Article Text

PDF
Prospective, non-randomised, long term clinical evaluation of a foldable hydrophilic single piece intraocular lens: results of the Centerflex FDA study
  1. K A Becker,
  2. M Martin,
  3. T M Rabsilber,
  4. B B Entz,
  5. A J Reuland,
  6. G U Auffarth
  1. Heidelberg IOL and Refractive Surgery Research Group, Department of Ophthalmology, Ruprecht-Karls-University of Heidelberg, Germany
  1. Correspondence to: Gerd U Auffarth MD, Department of Ophthalmology, Ruprecht-Karls-University of Heidelberg, Im Neuenheimer Feld 400, 69120 Heidelberg, Germany; gerd.auffarth{at}med.uni-heidelberg.de

Abstract

Background: Owing to the improvement of modern intraocular lenses (IOLs) in terms of design and material, posterior capsule opacification (PCO) usually takes 2–3 years to develop. Thus, long term clinical evaluation of new implants is important.

Methods: As part of a prospective, non-randomised FDA trial, the Rayner Centerflex, a foldable hydrophilic acrylic, single piece IOL was implanted in one eye of 83 patients (mean age 73.5 (SD 7.0) years). Over 3 years postoperatively, a standardised FDA protocol concerning IOL safety and efficacy was followed including evaluation of spherical equivalent (SE), best corrected distance visual acuity (BCDVA), endothelial cell count (ECC), flare meter values, PCO development, and anterior capsule shrinkage.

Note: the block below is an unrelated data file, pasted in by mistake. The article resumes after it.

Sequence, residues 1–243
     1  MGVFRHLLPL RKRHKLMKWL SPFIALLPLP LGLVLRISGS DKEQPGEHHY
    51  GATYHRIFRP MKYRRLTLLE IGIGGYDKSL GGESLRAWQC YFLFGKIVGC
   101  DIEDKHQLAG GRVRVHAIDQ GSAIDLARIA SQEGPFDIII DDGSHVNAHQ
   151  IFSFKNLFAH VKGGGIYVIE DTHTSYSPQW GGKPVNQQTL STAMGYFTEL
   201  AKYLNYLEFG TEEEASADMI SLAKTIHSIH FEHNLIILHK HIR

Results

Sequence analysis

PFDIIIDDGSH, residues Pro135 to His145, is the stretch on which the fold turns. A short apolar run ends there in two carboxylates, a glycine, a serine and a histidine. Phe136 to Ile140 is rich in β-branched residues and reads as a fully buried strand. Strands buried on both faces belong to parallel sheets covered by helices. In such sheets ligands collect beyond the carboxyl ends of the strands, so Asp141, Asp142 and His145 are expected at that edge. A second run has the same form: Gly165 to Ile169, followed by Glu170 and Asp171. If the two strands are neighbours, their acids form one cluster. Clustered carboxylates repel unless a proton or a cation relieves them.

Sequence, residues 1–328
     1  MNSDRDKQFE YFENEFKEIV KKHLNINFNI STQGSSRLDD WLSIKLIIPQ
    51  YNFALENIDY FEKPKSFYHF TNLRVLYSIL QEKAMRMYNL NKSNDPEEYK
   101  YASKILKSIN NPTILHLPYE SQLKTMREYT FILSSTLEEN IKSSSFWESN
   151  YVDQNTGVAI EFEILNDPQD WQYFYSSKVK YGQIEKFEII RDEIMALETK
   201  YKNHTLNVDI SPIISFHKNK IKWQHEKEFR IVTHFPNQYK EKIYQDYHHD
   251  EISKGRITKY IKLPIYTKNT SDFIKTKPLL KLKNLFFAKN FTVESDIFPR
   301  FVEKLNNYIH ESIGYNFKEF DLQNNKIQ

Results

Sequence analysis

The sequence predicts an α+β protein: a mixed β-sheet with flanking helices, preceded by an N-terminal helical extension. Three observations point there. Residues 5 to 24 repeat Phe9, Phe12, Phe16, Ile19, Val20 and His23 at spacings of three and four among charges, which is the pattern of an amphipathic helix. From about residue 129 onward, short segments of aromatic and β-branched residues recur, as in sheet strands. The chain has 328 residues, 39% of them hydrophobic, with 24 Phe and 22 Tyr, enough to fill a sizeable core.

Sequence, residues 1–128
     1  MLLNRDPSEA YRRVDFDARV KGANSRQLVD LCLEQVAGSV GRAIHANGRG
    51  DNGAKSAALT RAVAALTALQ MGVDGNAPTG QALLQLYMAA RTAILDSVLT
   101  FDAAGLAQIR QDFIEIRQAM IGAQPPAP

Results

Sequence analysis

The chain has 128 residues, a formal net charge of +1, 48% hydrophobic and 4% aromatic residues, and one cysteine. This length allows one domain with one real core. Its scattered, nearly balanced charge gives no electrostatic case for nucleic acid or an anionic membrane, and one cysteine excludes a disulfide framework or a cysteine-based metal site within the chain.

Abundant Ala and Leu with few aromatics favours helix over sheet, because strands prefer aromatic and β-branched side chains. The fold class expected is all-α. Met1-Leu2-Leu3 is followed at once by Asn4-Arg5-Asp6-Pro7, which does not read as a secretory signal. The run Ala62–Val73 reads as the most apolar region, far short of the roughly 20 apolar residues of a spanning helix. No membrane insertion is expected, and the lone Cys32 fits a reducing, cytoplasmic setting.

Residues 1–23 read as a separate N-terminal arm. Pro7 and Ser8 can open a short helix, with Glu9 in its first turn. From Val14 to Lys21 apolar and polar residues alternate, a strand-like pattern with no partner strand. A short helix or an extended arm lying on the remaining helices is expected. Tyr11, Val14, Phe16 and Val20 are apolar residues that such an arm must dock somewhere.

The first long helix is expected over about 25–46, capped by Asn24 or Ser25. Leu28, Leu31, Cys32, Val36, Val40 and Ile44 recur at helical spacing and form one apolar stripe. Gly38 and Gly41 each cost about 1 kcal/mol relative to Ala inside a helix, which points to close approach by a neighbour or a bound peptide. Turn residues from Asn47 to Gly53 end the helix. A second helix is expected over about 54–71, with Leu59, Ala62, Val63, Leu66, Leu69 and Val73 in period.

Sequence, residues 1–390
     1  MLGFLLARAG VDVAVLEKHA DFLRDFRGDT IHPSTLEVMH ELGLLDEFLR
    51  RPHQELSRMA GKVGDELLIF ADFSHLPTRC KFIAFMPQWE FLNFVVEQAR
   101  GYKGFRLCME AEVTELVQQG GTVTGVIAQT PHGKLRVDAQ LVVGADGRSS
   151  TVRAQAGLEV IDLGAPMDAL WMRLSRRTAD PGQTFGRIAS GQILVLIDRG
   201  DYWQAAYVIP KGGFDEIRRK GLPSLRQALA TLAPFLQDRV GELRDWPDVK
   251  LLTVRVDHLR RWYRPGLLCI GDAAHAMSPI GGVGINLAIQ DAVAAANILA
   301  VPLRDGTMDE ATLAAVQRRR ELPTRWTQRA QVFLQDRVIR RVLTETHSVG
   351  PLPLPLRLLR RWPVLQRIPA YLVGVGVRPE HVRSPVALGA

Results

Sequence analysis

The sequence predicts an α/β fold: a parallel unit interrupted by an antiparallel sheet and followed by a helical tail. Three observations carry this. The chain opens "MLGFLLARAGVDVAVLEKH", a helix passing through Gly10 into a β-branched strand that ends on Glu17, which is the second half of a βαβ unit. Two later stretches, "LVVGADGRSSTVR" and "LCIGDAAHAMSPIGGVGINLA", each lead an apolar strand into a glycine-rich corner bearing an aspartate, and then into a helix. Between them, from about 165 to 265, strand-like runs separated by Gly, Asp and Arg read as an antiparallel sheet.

Results: Postoperatively, mean SE was stable ranging between −0.3D and 0.17D. After 1–2 months, all patients achieved a BCDVA of 20/40 or better. At 3–6 months postoperatively, mean ECC decreased from 2612 (SD 346) cells/mm2 to 2380 (316) cells/mm2. Mean PCO score for the entire optic increased from 0.20 (0.20) months (3–6 months postoperatively) to 0.87 (0.57) resulting in a Nd:YAG rate of 29.41% after 3 years. No anterior capsule shrinkage was found.

Conclusion: The Centerflex showed excellent functional results, low values for endothelial cell loss and inflammatory signs, and no anterior capsule shrinkage. PCO formation was higher compared to other IOLs, which could be explained by the incomplete sharp edge at the optic-haptic junctions representing an “Achilles’ heel” for cell ingrowth.

Statistics from Altmetric.com

Footnotes

  • Competing interest: none declared.

Request permissions

If you wish to reuse any or all of this article please use the link below which will take you to the Copyright Clearance Center’s RightsLink service. You will be able to get a quick price and instant permission to reuse the content in many different ways.